The Sleeping Beauty holds a special place in The Royal Ballet's repertory. It was the ballet with which the Company reopened the Royal Opera House in 1946 after World War II, its first production at its new home in Covent Garden.
To celebrate its 70th anniversary with the Company, from tomorrow night, 21 December, until 14 March 2017, the ballet will be performed a remarkable 25 times. The first of many casts is headed by Sarah Lamb and Vadim Muntagirov.
Margot Fonteyn danced the role of the beautiful Princess Aurora in the first performance, with Robert Helpmann as Prince Florimund. Sixty years later, in 2006, the original 1946 staging was revived by then Director of The Royal Ballet Monica Mason and Christopher Newton, returning Oliver Messel's designs and glittering costumes to the stage.
The masterful 19th-century choreography of Marius Petipa is combined with sections created for The Royal Ballet by Frederick Ashton, Anthony Dowell and Christopher Wheeldon. Together they create an enchanting sequence of gems in the ballet repertory – from the iconic Rose Adage, the lilting Garland Waltz to the Vision Pas de deux, as Florimund sees Aurora for the first time, and the celebratory divertissements and final pas de deux that bring the ballet to its close.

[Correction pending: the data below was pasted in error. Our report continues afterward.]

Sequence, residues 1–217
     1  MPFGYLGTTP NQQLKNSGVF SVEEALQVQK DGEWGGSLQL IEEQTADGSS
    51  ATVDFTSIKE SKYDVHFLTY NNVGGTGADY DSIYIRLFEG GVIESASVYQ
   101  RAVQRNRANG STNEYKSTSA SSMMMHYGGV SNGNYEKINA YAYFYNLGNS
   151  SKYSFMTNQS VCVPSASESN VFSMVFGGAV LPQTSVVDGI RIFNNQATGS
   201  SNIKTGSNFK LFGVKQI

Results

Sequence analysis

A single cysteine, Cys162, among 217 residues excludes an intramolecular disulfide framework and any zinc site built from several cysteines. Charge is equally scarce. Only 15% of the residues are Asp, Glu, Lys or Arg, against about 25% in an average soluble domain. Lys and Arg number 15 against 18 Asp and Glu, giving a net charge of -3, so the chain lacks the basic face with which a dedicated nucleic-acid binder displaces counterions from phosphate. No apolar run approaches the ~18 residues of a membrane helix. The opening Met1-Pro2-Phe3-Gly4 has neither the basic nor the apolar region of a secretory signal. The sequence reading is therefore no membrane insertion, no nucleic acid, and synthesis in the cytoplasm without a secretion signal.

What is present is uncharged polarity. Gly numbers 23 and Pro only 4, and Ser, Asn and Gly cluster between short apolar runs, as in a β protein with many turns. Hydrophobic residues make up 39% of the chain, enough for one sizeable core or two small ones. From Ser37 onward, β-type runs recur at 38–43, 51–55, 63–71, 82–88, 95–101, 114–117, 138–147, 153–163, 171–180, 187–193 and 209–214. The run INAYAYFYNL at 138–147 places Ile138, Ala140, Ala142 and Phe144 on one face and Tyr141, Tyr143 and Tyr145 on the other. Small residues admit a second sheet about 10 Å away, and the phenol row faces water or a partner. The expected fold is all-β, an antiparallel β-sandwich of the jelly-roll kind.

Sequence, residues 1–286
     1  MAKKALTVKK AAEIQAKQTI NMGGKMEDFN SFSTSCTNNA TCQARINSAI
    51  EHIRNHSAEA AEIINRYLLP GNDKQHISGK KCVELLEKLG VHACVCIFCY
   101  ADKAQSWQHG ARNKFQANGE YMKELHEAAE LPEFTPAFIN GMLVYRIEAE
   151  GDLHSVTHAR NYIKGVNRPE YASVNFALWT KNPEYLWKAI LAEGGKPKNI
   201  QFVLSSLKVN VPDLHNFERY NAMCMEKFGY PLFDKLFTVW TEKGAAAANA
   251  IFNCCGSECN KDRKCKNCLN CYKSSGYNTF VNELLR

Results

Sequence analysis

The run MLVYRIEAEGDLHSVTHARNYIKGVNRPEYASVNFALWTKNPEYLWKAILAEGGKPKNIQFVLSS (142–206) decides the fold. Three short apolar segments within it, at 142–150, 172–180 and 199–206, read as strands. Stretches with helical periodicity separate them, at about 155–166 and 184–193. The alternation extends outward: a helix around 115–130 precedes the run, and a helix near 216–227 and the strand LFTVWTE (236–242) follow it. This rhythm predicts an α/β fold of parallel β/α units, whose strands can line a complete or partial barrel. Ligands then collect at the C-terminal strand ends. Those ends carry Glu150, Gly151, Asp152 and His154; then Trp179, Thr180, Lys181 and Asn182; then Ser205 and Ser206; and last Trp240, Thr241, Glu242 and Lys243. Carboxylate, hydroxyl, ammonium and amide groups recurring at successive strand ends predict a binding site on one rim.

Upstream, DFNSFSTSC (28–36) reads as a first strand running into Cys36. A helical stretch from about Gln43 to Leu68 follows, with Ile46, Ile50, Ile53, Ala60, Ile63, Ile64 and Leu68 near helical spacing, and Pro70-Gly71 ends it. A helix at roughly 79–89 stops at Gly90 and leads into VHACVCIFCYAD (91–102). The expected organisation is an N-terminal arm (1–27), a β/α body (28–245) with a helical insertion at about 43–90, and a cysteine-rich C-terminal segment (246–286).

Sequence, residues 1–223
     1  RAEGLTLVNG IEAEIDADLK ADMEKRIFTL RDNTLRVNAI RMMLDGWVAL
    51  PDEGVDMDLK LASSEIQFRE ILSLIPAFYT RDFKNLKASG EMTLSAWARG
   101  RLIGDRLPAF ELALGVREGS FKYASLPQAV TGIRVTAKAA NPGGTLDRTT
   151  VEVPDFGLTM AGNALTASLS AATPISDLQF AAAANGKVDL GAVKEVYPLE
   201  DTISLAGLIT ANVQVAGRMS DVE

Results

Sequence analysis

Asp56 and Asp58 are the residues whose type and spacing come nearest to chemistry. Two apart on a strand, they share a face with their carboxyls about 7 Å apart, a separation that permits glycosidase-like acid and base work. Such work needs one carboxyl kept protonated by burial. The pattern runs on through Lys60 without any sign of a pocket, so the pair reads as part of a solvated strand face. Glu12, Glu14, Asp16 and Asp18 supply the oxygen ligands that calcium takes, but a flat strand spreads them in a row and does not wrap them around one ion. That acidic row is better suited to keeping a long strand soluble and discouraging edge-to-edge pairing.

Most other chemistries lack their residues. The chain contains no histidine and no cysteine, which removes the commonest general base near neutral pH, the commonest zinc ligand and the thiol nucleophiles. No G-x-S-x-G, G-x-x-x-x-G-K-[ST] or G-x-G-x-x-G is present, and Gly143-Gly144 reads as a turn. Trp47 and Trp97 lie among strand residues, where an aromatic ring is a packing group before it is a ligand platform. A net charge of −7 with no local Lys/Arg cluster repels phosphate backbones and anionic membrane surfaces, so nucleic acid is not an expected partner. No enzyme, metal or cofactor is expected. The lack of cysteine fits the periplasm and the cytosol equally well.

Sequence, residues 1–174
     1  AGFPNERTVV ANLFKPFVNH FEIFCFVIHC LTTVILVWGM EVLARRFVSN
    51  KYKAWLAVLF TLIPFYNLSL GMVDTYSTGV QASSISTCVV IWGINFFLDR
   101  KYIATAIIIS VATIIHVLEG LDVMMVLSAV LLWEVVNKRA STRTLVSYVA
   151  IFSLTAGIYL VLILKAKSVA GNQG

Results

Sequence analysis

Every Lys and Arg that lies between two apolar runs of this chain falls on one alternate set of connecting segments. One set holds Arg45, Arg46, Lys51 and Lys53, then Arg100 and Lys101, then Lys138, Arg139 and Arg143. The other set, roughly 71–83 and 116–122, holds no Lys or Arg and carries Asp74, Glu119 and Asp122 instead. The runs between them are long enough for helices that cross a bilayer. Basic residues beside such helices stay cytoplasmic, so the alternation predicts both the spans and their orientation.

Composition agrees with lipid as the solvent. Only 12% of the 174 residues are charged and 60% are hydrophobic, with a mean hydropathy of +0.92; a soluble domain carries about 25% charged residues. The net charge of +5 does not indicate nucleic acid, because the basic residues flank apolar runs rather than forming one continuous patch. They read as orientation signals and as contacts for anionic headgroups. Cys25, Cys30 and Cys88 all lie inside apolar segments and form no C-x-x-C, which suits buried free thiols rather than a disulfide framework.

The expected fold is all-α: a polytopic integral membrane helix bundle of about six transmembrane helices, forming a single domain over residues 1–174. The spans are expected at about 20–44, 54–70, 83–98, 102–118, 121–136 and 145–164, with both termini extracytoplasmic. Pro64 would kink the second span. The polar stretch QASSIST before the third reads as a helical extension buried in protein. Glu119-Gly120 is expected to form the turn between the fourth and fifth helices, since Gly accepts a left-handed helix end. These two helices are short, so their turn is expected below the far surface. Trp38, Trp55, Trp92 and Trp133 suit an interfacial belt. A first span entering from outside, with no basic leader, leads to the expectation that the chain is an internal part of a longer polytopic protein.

Throughout, Tchaikovsky's masterful score takes ballet music to a height of passion, sophistication and intensity that arguably has never been surpassed.
Graham Spicer is a writer, director and photographer in Milan, blogging (under the name ‘Gramilano') about dance, opera, music and photography for people “who are a bit like me and like some of the things I like”. He was a regular columnist for Opera Now magazine and wrote for the BBC until transferring to Italy.
His scribblings have appeared in various publications from Woman's Weekly to Gay Times, and he wrote the ‘Danza in Italia' column for Dancing Times magazine.